The U.S. labor force is shrinking. Back in 2007, 66 percent of Americans had a job or were actively seeking work. Today, that number is at 63 percent and falling.
My colleague Jim Tankersley had a smart story on this trend over the weekend, but I'll also add in this chart from Derek Thompson. It breaks down the labor force decline by age group and offers one of the clearest illustrations of what's happening:
Labor force participation rates for younger workers, ages 16 to 54, has been dropping sharply for a number of reasons — some good, some terrible. Younger people are more likely to stay in school than they used to. But the terrible economy is also keeping some people at home. The decline of manufacturing has left many older workers unable to find new jobs. And, as we've seen, some workers are moving to disability programs.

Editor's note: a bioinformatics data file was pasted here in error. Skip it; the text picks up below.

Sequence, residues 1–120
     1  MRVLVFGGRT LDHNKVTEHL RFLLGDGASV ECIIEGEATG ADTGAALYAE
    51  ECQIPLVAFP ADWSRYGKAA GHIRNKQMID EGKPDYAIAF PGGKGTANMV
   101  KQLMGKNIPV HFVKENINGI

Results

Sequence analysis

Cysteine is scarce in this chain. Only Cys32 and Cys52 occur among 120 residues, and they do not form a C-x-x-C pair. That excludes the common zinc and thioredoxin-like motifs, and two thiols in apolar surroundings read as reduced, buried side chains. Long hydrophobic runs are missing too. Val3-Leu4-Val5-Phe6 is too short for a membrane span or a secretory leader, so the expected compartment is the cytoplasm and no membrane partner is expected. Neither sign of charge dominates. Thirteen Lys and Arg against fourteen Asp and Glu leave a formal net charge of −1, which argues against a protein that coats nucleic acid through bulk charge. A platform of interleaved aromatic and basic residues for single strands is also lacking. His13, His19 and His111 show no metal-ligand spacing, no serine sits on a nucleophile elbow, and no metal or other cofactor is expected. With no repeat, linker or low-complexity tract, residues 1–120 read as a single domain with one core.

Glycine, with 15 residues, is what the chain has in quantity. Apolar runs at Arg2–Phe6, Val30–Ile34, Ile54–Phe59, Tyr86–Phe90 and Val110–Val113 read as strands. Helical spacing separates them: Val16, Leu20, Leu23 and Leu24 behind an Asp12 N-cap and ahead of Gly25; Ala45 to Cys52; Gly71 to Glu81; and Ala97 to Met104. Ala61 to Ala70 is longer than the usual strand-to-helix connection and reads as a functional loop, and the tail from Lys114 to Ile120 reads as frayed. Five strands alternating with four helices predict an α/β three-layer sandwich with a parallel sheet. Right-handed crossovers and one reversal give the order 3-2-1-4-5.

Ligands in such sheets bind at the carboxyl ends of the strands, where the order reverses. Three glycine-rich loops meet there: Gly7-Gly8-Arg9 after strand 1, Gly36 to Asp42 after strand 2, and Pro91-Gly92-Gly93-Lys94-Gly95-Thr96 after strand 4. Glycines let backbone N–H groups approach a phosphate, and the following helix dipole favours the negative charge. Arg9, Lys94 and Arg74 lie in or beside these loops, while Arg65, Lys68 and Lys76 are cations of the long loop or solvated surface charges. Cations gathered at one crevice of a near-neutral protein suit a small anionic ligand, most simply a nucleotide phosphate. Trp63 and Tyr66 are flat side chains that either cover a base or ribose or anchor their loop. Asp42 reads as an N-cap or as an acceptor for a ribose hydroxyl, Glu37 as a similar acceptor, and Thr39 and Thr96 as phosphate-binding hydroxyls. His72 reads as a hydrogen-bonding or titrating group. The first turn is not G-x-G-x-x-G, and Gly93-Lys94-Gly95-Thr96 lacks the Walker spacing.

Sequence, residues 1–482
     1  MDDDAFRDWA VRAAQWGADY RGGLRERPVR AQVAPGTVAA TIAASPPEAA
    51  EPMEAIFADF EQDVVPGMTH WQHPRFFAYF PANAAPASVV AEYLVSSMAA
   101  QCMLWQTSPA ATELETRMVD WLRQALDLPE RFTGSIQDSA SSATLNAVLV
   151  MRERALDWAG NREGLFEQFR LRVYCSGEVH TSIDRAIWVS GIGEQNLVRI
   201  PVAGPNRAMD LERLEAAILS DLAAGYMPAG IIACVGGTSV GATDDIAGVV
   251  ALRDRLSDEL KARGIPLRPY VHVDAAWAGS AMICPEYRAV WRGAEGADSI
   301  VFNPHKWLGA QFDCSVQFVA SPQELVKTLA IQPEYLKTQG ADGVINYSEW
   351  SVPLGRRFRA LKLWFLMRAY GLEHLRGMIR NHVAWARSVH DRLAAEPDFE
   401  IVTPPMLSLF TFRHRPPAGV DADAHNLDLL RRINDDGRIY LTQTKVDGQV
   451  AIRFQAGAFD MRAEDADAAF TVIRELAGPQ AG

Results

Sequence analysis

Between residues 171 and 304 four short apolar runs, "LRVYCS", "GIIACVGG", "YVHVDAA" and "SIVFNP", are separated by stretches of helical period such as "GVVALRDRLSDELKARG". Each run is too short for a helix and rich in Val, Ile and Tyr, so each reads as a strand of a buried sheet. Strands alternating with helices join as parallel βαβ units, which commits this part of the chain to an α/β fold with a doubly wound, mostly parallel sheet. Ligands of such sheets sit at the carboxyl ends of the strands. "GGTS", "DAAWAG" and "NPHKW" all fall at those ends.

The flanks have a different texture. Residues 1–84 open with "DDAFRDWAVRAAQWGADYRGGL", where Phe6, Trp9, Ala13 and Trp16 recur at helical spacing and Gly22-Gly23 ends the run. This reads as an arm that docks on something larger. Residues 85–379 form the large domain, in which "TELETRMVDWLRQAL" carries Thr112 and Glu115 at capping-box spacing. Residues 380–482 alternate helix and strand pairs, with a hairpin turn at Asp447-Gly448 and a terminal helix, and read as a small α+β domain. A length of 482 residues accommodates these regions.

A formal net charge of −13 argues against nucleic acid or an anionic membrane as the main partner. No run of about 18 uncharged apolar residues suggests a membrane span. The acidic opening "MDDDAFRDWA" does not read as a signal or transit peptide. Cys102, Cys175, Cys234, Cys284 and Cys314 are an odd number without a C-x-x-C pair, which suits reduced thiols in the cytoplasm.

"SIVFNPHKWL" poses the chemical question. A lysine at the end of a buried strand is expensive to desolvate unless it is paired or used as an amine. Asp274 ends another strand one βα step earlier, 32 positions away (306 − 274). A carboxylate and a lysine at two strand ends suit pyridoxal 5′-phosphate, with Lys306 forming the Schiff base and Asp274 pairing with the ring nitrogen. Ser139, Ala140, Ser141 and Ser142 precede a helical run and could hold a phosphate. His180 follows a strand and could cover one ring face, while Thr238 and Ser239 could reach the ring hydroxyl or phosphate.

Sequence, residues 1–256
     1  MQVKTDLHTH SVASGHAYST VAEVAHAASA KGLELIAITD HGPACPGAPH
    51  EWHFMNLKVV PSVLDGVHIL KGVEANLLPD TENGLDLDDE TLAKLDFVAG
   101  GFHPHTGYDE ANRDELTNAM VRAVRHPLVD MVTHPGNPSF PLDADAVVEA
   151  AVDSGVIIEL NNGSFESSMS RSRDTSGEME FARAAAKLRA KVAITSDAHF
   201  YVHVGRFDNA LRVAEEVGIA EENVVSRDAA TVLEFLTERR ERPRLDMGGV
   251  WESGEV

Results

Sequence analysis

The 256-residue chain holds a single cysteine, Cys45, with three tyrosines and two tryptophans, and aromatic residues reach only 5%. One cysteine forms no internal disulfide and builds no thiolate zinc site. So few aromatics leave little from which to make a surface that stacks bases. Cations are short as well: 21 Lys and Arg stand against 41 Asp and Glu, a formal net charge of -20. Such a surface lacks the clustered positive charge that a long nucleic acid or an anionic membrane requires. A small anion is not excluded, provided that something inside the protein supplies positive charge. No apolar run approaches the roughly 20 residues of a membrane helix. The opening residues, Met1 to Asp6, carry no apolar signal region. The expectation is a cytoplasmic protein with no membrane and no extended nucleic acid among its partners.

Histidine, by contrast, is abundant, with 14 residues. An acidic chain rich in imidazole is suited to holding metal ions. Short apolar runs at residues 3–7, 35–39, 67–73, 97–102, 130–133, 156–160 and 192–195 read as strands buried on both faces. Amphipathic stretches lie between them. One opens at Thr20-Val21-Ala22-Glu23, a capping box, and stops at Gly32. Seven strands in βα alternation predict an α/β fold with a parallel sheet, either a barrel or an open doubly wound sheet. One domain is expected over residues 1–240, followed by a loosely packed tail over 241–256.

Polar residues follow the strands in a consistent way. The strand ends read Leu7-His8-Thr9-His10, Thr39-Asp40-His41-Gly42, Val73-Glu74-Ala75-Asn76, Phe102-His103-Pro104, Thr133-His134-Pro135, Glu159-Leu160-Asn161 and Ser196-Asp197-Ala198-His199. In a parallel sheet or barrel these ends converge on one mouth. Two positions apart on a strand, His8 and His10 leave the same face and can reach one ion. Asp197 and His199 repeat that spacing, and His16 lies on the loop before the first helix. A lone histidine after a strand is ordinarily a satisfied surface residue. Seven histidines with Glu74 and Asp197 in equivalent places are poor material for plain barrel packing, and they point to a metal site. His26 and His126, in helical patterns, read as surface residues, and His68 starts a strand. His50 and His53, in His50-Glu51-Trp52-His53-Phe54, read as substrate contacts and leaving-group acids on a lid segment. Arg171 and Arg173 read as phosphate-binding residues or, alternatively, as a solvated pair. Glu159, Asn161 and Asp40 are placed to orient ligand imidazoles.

On the flip side, the labor force participation rate for older workers, age 55 and up, has been rising of late. People who were near retirement saw their savings evaporate after the financial crisis, so some of them are now working longer to repair the damage.
But when you combine those together, you get a net drop. Older Americans are still very unlikely to work. And so, as the United States ages, and more Baby Boomers shift into that 55-and-older cohort, the overall labor force participation rate drops. As Bill McBride explains here, "The recent decline in the participation rate was mostly expected, and most of the decline in the participation rate was due to changing demographics."
The posts from Thompson and McBride offer very clear explanations of this trend, so read both. McBride mostly focuses on the demographics. Thompson argues that the biggest factors, in order, are retirement, college, the recession and manufacturing.